Some drivers have gotten the near-stale gas message at which point the vehicle flips to gas only until you burn through the rest.

        Since most of my non-commuting miles are out of town trips, I’ve never kept gas long enough to trigger the changeover.

  8. Wait a sec…I can lease a car for $69 a month? Damn, I got to get on that. Wonder if I can charge a Fiat 500e at home. That would work for me.

    Eric, wonder if you could total up the total dollar amount spent on producing the elusive compliance car since the inception of CAFE…or at least an approximation. A lot of waste.

  9. In a lot of ways the GAS powered Fiat 500 itself is a compliance car. The folks have a gas 500, and those don’t go for sticker price either. I have driven it a number of times now, and it attracts attention wherever you go because there is so few of them around. The number one question asked? What kind of car is that? The funny thing one time was, a teenaged girl knew what it was, because it’s in a Carly Rae Jepsen music video. I am guessing Fiat paid a product placement fee.

    Overall its not a bad little car. It hasn’t been a problem the two years they have had it. Like most little cars it does what it does pretty well. But like all little cars is pretty useless for most things people really need cars for, so they don’t get bought. I would never pay over 30k for one.

    • Richb: “But like all little cars is pretty useless for most things people really need cars for, so they don’t get bought.”

      Well Richb, “little cars” as you call this one, are nothing more than subcompact, 2 or 4 door, 4 or 5 passenger, usually hatchback cars – what most of the rest of the world calls “city cars”. They are extremely popular in almost all of the rest of the world, except perhaps not so much so in the US, and every major manufacturer makes one or more of them, most of which are not sold in the US.

      There are many of us Americans however, myself included, who actually like city cars – and find them quite useful for what I need a car for – namely lower cost transportation. Indeed, I have owned only city cars here in the US for the last 40+ years; and not only they have all served my personal automotive needs quite well; but I have also enjoyed owning and driving them.

    • I have 2 Fiat 500’s ( Mine a 2012 Abarth & my wife’s 2015 ‘1957 Ed’ 500C) and they are great little cars for living in crazy Silicon Valley traffic.

      As far as the 500E goes they are going to be VERY avail soon in the used car market since the 1st year leases are all ending this year ( saw one going for $8k with 20k miles on it ) but ya they are only good as a second car based on the refuel time / range ratio being really sucky still.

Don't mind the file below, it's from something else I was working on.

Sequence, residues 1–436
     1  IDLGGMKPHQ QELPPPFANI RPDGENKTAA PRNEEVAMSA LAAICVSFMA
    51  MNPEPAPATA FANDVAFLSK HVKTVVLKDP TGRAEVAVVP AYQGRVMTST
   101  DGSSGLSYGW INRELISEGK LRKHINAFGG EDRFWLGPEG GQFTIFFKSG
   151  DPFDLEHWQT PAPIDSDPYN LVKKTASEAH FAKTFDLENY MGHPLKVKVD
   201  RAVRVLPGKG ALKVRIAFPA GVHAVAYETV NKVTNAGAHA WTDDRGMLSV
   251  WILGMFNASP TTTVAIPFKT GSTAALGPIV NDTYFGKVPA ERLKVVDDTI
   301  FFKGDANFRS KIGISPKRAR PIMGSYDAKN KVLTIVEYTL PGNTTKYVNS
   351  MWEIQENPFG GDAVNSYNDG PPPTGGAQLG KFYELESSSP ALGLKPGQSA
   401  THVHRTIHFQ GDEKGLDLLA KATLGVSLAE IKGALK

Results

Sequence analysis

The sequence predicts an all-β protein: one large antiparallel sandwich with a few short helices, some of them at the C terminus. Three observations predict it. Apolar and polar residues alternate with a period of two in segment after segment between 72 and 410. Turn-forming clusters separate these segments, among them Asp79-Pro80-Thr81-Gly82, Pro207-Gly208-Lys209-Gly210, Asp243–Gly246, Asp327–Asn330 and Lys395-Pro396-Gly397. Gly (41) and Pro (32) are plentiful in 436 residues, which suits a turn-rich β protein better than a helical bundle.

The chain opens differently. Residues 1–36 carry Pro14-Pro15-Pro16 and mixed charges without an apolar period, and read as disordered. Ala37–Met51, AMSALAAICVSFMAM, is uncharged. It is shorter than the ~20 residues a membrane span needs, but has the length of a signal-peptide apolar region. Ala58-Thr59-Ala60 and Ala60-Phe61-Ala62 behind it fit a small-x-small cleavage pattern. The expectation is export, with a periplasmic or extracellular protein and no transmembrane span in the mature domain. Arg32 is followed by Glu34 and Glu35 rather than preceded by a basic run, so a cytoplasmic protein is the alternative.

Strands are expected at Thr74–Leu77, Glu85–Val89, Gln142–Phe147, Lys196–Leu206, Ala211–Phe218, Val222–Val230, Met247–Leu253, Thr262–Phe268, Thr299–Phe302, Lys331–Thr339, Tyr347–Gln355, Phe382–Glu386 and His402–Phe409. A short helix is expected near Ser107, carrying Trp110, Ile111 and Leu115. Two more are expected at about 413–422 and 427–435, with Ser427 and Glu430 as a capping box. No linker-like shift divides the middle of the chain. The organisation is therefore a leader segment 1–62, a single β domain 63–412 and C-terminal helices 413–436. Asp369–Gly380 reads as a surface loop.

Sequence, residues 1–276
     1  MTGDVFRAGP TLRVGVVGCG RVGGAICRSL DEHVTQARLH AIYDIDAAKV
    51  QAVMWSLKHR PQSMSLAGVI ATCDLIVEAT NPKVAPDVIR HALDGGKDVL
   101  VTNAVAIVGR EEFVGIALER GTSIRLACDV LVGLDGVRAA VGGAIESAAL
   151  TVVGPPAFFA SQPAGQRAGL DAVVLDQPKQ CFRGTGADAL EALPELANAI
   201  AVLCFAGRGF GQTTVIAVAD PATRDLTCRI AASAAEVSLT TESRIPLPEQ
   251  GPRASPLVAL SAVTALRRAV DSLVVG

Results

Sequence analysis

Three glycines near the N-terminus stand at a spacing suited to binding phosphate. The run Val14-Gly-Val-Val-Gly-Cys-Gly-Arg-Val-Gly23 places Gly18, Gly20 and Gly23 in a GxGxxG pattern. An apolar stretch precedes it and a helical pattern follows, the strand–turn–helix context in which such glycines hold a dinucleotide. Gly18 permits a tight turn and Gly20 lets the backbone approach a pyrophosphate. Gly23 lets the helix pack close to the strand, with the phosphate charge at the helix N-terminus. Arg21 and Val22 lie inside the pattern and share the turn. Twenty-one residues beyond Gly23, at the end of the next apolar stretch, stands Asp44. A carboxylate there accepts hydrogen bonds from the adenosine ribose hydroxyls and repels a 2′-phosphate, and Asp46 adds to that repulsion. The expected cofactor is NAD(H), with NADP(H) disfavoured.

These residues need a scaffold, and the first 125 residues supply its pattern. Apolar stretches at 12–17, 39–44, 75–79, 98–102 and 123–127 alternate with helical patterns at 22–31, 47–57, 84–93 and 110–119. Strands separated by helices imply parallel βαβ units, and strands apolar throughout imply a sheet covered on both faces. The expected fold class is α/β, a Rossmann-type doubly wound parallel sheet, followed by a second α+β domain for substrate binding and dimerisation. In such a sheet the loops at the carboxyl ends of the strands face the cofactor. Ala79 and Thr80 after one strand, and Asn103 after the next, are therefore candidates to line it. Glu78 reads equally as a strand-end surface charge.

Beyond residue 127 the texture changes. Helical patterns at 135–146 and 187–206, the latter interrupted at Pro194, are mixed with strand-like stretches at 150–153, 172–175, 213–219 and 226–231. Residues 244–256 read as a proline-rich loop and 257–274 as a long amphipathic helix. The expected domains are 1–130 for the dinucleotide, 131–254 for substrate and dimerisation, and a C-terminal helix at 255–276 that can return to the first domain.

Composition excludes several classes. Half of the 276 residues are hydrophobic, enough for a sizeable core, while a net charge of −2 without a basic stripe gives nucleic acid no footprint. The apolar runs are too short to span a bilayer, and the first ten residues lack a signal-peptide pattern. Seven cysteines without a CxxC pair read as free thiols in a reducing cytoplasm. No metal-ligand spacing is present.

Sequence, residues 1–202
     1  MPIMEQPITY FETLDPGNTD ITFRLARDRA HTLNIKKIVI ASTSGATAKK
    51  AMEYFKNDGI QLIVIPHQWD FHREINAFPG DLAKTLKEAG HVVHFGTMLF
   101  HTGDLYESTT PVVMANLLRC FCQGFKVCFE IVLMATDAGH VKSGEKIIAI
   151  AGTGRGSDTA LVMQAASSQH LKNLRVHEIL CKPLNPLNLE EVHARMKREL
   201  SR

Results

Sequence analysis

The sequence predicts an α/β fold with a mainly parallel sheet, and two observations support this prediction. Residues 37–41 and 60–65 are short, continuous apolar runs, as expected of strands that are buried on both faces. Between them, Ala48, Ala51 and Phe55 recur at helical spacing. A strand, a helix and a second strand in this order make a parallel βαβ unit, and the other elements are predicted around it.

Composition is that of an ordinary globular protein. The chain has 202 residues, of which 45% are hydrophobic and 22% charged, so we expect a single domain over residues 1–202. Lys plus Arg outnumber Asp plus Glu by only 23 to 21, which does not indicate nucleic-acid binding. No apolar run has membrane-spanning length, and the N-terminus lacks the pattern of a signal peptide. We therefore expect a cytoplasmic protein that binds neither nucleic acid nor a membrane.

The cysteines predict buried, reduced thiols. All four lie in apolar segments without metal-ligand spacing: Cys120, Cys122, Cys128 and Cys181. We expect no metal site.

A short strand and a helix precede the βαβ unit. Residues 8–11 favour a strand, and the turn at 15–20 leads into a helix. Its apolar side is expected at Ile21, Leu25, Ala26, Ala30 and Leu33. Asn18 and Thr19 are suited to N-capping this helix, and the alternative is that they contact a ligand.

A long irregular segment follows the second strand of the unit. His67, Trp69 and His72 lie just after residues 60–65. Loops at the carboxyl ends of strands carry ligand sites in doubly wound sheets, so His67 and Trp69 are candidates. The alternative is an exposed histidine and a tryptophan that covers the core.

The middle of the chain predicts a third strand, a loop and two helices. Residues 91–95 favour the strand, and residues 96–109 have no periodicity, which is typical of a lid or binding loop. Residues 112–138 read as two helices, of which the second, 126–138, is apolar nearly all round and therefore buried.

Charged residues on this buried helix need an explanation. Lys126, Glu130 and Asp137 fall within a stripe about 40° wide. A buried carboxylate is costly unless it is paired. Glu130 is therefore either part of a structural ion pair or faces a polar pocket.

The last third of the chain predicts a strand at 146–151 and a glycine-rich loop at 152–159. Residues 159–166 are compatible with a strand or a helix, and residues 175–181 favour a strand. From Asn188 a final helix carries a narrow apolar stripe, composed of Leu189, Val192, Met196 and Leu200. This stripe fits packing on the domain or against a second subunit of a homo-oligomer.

10. I have a friend that leases the 500e, and another that has the eGolf (don;t know if it is leased or bought). I drove the 500e, and the only thing I can say about it is that if you stomp on the accelerator from a stand still, the thing feels like (and drives) like a go-cart. Other than that, meh. I have no idea what these people are thinking though spending good money on a car that requires the equivalent of an IV line to fill up the tank.

  11. Almost $33k for a Fiat 500? Are you shitting me?

    OK, yeah. EVs will work for urban core dwellers. And maybe suburbanites who live close to the supermarket and the doctor’s office to use as a second car. But it takes me most of a day to get to the next state – an EV just won’t fly under those conditions.

    Oh, and I saw my first ELR in the wild the other week. Pretty sharp looking. Doesn’t look the price, though.

    You know what the next thing to come out of Sacramento will be, right? It’s not enough for a car maker to offer these cars for sale in the state. They actually have to sell a certain percentage. This will be called a “goal” and failing to meet it will mean fewer of their IC cars can be sold there. Imagine going into the Jeep dealer in August and finding out they already sold as many as they were allowed to. “But … snow!” “Sorry. Can I offer you an electric Fiat instead?”

    • Hi Chip,

      Yup. The eGolf is just as batshit. They are all batshit.

      The less sense they make, the harder they are pushed.

      And, I agree – “goals” will be next.

      I believe we are not far from a kind of event horizon, beyond which the entire industry is going to collapse.

      • These cars are all crap in a way, even $100k Teslas. I’m a gear head, I own several fast cars and drive cars hard. I once drove a Tesla roadster in some twisty mountain roads in a spirited way, and it went into thermal emergency mode after about four miles – cuts horsepower to something like 1/4 of maximum and makes throttle response sluggish. Until then, I thought the Tesla roadster was a really cool car.